Shake Shack has closed 63 of its 120 locations worldwide, and has laid off or laid off more than 1,000 workers after a 28.5% drop in sales in March, he said in a file on April 17. It is not known how many of its 100 US stores remain open, but records showed that it employed 7,600 people at the end of 2019. The company, which generated $ 595 million in sales and net profit of $ 20 million dollars in 2019, said it would continue to pay all general managers and cover health insurance for all employees.
Texas Taco Cabana operates 164 outlets from Houston to Albuquerque. Fiesta, which also operates a chain of chicken restaurants in Florida and posted revenue of $ 661 million last year and a net loss of $ 84.4 million, employed 10,480 at the end of 2019 She did not immediately respond to a survey of the number of employees who would be covered by the loan.
Potbelly had 474 stores in 32 states, including 48 franchisees, and employed 6,000 people in late 2019, according to the documents. Last year, sales totaled $ 410 million, although they posted a net loss of $ 24 million.
“Every penny will be used to financially support the employees of our stores,” said Matt Revord, director of human resources at Potbelly.
Hallador employed 768 people in February 2020, its depots showed. He did not immediately respond to an email requesting comments.
SMALL STATES, BIG WINNERS
With PPP funds exhausted as of this week, new aid was blocked in Congress amid a partisan dispute over support for state governments and hospitals.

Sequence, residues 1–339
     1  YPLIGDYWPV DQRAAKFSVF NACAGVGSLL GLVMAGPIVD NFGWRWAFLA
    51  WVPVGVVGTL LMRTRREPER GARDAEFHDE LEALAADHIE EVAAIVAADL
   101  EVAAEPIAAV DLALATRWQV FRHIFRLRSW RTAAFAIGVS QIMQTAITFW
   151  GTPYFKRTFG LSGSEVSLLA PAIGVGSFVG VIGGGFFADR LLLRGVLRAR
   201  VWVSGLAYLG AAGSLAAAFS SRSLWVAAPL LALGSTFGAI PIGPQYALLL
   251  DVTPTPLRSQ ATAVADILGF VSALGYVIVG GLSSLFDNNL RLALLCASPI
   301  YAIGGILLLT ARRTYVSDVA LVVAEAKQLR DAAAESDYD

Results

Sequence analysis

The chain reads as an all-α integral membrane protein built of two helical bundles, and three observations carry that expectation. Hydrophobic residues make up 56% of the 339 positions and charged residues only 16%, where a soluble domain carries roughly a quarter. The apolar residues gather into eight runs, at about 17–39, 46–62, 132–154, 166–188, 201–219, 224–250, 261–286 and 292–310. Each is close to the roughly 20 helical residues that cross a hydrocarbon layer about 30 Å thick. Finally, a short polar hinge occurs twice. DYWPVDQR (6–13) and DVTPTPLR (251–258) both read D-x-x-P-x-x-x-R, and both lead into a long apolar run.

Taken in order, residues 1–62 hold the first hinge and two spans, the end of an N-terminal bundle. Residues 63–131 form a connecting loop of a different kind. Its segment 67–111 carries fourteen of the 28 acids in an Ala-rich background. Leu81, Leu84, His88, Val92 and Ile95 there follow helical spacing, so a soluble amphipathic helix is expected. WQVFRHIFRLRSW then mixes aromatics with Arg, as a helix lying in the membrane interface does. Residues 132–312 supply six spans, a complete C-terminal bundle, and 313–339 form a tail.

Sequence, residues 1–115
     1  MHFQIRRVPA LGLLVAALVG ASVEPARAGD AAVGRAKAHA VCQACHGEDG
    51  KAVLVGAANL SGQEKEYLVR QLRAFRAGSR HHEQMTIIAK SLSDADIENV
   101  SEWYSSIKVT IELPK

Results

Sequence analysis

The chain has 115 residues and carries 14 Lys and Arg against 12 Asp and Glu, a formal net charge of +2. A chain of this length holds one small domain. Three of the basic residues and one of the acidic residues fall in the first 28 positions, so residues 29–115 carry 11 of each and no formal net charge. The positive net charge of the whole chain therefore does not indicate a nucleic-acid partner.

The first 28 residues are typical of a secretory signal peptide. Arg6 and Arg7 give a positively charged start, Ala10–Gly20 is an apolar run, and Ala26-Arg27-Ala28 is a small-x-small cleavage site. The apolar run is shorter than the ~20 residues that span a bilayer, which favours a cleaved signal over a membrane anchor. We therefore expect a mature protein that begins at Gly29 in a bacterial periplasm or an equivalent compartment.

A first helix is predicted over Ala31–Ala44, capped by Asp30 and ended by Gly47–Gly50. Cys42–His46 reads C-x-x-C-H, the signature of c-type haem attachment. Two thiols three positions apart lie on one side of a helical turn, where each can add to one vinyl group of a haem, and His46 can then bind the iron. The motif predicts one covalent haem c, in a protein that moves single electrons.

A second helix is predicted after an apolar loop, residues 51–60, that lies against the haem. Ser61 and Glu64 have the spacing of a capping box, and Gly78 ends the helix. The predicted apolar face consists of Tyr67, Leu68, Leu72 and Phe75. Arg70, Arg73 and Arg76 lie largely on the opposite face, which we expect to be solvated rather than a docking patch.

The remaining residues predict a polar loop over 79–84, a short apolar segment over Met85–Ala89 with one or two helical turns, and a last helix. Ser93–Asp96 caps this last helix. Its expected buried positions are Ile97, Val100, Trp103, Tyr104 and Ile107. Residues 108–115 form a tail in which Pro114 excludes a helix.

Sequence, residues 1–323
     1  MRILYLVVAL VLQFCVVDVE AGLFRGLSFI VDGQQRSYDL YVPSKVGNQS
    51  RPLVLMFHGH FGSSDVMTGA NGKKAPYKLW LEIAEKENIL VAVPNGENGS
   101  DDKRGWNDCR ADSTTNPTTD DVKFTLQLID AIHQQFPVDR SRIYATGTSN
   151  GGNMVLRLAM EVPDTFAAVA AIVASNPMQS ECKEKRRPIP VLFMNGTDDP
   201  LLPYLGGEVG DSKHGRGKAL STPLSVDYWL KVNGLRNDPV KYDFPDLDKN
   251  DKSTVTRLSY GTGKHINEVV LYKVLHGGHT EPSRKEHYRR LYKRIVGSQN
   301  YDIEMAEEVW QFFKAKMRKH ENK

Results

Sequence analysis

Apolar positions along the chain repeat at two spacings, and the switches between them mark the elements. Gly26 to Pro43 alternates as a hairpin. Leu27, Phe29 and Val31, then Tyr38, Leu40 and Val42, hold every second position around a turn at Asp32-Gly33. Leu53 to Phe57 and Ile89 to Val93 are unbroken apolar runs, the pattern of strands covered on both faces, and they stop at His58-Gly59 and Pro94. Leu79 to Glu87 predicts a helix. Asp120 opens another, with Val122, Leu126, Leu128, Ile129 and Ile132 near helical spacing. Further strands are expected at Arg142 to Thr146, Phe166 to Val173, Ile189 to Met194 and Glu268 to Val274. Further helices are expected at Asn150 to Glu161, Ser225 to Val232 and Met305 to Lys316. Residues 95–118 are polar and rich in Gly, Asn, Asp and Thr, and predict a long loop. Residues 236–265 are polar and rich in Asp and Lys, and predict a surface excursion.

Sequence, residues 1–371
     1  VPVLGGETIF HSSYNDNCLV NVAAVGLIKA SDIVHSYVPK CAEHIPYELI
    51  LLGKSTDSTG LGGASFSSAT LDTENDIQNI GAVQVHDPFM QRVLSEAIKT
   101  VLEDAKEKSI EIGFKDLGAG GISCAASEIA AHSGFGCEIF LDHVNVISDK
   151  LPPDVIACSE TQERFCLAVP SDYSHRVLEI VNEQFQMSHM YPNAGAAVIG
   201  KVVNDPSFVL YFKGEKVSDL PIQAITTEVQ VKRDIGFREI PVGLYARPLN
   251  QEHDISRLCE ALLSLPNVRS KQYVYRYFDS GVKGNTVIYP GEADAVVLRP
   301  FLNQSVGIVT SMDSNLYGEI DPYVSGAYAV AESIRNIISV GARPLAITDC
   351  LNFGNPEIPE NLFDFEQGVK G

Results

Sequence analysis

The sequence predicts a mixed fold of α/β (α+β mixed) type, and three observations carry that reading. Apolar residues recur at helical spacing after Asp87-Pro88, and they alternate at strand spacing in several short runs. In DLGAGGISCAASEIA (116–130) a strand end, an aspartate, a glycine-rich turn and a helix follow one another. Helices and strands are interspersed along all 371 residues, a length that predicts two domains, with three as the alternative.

The economic pain of coronavirus-related outages has been felt across the country. SBA loans appeared to reach a higher proportion of businesses in republican-style states that imposed the lightest restrictions on business and had relatively few confirmed cases of coronavirus.
The SBA has granted 583 loans to 1,000 businesses in North Dakota, according to a Reuters analysis of data from the SBA and the Census Bureau. In California, SBA loans reached only 149 out of 1,000 companies.
The SBA has not released data on the number of companies applying for loans, either overall or in each state, so it is not clear what contributed to the higher proportion of companies in the so-called “Red States” obtaining loans.
“I find it hard not to think it’s political. Blue states like California have gotten a pathetic number of loans issued, ”said California Democrat Jackie Speier on Twitter.
Others said the disparity was due to the different types of lenders involved.
Smaller banks, which are more common in rural areas, were ready when SBA launched the program on April 3, while many large banks and non-bank lenders were unable to participate until the following week.
“The bankers here, they know the farmer, they know the hairstylist, they know the owner of the cafe,” said Republican representative Jeff Fortenberry of Nebraska, where SBA loans reached 558 out of 1,000 businesses.
Report by Andy Sullivan, Howard Schneider and Ann Saphir .; Editing by Dan Burns